Opinion | Tackling India’s inflation and policy puzzles3 min read . Updated: 20 Nov 2018, 07:47 AM IST
While lower food prices are good news for consumers, they will not help address the distress in the rural economy
Inflation based on consumer price index (CPI) has surprised analysts on the downside. Data released last week showed that inflation for the month of October was at 3.31%. Analysts expect headline inflation to remain low in the coming months as well, partly because of lower food prices. Global crude prices have also come down recently and should help keep inflation in check. The headline inflation number should please both the government and the Reserve Bank of India (RBI).
It is actually remarkable that inflation remained muted despite the sharp jump in crude prices this year. Its holding at lower levels for an extended period will improve India’s policy credibility and strengthen macroeconomic stability.
Though low inflation is desirable, it currently masks a fair amount of policy complexity, both for the government and the central bank. As noted above, food prices have remained low. RBI deputy governor Viral Acharya in the October meeting of the monetary policy committee (MPC), for instance, noted: “Since the August policy, food inflation has surprised dramatically on the downside. Seasonal pickup in prices of vegetables and fruits in summer months was simply missing due to a combination of increased mandi arrivals, export policies and other supply management measures. This, coupled with a normal monsoon, has shifted RBI’s food inflation projections significantly downward."
While lower food prices are good news for consumers, they will not help address the distress in the rural economy. Politically, this could affect the chances of the ruling Bharatiya Janata Party, both in the ongoing assembly elections and the upcoming Lok Sabha election. In terms of the broader economic impact, lower purchasing power in rural areas could affect aggregate demand and growth. This also suggests that the announcement of higher minimum support prices (MSPs) and other measures to improve income in the farm sector are not working as desired. It highlights the limitations of MSP as a mechanism to ensure better prices for output in the farm sector. Therefore, it is important to broaden the framework of reforms in the agriculture sector in order to find durable solutions that will not only help farmers get better returns but also smoothen prices in the marketplace. India now needs to prepare to handle surplus in agricultural production on a sustainable basis.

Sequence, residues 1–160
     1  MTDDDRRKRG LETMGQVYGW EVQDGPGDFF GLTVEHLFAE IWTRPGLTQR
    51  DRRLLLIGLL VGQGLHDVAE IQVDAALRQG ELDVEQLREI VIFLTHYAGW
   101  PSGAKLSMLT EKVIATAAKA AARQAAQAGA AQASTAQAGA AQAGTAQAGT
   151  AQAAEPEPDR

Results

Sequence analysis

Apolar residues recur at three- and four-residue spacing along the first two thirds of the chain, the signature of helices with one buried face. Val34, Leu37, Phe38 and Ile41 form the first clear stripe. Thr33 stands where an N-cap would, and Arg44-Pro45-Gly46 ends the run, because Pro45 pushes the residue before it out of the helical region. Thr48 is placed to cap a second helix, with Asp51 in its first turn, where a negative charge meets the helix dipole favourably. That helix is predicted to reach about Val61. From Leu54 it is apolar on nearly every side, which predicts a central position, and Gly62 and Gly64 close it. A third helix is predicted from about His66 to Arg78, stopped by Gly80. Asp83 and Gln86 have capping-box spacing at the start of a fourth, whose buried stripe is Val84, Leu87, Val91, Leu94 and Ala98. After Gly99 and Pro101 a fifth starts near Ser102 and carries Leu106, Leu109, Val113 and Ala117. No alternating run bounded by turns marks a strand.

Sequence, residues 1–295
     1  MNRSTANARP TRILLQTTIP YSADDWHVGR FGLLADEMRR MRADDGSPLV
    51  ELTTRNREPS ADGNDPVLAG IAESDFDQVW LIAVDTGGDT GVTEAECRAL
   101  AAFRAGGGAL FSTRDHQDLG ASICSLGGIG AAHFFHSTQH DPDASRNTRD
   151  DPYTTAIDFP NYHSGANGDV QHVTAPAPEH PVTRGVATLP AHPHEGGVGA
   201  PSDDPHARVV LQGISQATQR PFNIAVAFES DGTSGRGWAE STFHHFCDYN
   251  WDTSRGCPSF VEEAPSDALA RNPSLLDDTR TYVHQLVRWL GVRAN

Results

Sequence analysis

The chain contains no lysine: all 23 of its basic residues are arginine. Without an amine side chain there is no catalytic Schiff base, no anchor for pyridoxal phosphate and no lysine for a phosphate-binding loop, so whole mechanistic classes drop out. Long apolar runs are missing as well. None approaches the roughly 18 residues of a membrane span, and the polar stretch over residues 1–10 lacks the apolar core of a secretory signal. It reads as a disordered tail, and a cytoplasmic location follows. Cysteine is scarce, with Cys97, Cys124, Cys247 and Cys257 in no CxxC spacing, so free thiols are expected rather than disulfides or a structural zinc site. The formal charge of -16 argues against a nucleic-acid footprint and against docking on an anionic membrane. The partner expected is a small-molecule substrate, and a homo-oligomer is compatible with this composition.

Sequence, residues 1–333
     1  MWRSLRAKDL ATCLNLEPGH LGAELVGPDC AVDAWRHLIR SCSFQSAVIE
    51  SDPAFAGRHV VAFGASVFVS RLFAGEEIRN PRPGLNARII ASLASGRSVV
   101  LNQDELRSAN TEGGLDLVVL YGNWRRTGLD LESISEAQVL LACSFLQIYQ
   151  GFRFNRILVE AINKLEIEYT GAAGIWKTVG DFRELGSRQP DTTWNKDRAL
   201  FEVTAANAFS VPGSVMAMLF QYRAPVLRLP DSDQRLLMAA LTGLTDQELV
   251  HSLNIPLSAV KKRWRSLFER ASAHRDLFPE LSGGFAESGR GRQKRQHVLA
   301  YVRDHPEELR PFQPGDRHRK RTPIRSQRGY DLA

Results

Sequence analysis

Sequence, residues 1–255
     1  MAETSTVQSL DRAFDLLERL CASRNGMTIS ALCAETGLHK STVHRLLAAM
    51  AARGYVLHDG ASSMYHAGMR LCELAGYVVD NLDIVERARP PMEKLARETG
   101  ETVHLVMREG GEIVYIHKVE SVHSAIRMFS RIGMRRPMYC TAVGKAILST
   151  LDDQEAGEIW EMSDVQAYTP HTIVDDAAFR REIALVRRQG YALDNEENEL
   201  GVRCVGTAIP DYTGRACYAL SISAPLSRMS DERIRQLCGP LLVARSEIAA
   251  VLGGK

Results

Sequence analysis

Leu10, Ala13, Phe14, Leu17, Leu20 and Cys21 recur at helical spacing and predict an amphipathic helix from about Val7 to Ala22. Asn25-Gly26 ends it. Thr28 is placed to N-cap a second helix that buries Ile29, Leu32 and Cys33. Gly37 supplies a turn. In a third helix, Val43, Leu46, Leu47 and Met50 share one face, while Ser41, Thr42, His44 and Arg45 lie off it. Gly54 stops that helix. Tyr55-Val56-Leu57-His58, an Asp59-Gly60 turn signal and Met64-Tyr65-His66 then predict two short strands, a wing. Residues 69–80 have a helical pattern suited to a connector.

On the monetary policy side, as Acharya’s statement suggests, food inflation has been surprising on the downside and has affected inflation projections of the central bank. It is likely that actual inflation will undershoot the projections, partly due to continued softness in food prices.
Further, the RBI’s assumption for the Indian basket of crude is now at $80 per barrel and, according to its estimates, a 10% increase or decrease in prices could have a 20 basis point impact on inflation. Crude prices coming down significantly will help keep inflation low.
The MPC, in its October meeting, decided to keep policy rates unchanged and changed the stance to calibrated tightening, which basically means that the possibility of cutting interest rates is off the table for now. This newspaper had argued in favour of increasing the policy rate in light of rising crude prices and the falling rupee. Those risks have come down, but the MPC would do well to remain vigilant. There is still a fair amount of uncertainty on the crude front and prices could reverse with the proposed cut in production by the Organization of the Petroleum Exporting Countries and rising geopolitical tension.
Further, while the rupee has strengthened from its lows, tightening of financial conditions in global markets and the expected increase in interest rates by the US Federal Reserve will continue to put pressure. Markets now expect the MPC to keep rates unchanged in the December meeting. However, if inflation continues to surprise on the downside in the coming months, it is likely that the clamour for lower rates will rise. This will pose a policy dilemma. Aside from the fact that core inflation continues to remain high, a narrowing interest rate differential with the US will affect capital flows. Though it makes sense for a central bank in its early days of inflation targeting to be cautious, it should be prepared to face some criticism for keeping the real rates at higher levels.
Therefore, while it is good that inflation is under control and is likely to remain so in the foreseeable future, policymakers will need to address the challenges posed by it so that it is durable and aids economic growth in the medium to long run.
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